MUSICIANS WORRY ABOUT ENTERING THE US WITH INSTRUMENTS MADE OF IVORY

Apr 15, 2014

By Scott Walker

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A young Edmonton bass player is passing up an opportunity he’s been working towards for years.

And it’s all because of his bow.

Taddes Korris is a Masters student at the Manhattan School of Music. He had an opportunity to audition for the Winnipeg Symphony Orchestra. But he has cancelled his plans because the bow he uses is ivory-tipped.

Korris is one of many musicians caught in limbo over a new US regulation that bans commercial trade in ivory. It’s a measure to protect elephants from poaching, but it is causing problems for musicians who have instruments made of ivory.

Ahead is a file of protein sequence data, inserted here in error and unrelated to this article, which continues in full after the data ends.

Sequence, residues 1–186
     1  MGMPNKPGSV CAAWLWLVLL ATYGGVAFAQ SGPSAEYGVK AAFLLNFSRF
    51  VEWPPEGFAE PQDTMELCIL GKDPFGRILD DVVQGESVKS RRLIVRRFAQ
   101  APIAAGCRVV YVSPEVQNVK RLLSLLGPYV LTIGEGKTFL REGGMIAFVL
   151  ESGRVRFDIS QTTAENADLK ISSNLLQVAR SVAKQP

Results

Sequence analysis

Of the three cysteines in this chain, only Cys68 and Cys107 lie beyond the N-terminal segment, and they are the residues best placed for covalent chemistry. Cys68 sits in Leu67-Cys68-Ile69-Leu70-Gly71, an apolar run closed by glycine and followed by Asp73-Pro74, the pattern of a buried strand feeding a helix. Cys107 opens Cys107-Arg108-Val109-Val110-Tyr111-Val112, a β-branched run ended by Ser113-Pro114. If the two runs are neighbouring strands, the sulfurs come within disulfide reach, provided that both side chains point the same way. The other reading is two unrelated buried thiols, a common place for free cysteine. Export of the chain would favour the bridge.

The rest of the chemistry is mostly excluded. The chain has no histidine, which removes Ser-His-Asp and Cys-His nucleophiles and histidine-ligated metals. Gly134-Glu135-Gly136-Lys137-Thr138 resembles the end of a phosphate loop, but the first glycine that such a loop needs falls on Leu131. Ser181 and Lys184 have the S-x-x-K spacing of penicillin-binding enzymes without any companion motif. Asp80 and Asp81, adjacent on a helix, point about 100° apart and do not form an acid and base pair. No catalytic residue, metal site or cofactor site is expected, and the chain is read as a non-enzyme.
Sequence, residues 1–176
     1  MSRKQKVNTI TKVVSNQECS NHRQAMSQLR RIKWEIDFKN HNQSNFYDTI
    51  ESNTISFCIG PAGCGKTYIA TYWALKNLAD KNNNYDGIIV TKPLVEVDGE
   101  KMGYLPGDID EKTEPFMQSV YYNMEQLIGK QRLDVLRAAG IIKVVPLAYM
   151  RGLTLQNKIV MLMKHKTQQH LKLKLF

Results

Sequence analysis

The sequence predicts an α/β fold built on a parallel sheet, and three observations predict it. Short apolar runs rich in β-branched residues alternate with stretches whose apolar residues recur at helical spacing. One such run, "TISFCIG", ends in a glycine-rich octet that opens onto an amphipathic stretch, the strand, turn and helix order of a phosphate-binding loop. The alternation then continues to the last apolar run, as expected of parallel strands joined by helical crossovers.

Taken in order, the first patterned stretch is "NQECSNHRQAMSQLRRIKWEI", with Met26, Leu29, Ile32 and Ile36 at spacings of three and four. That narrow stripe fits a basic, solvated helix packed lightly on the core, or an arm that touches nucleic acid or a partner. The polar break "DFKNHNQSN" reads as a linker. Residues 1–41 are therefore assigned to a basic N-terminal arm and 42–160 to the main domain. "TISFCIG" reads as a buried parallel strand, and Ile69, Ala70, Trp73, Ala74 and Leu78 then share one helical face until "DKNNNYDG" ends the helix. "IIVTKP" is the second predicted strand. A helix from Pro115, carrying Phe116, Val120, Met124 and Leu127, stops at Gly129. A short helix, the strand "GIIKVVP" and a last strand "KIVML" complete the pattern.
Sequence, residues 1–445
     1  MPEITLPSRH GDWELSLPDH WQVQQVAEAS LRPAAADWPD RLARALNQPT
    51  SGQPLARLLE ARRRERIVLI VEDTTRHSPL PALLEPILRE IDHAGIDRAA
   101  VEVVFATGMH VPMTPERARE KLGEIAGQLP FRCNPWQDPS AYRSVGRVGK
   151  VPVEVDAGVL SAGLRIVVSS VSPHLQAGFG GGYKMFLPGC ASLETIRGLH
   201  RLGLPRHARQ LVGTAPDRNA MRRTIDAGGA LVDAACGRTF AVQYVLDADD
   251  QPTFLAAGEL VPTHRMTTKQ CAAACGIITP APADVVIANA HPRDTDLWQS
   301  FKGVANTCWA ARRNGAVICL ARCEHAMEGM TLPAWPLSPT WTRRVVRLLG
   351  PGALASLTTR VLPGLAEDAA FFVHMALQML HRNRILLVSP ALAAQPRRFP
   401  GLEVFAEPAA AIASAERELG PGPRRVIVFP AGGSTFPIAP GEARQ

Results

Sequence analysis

The ban does not include older instruments such as Korris’ bow. But it’s hard to prove the age of instruments, and Korris is afraid his bow might be confiscated by an over-zealous border guard.

The Winnipeg Symphony has also cancelled a concert at Carnegie Hall because it’s concerned about the paperwork involved in proving its instruments don’t violate the ban.

Musicians’ organizations are working to clarify the new regulations so that their members can cross the border with confidence that they’ll have something to play once they reach their destination.

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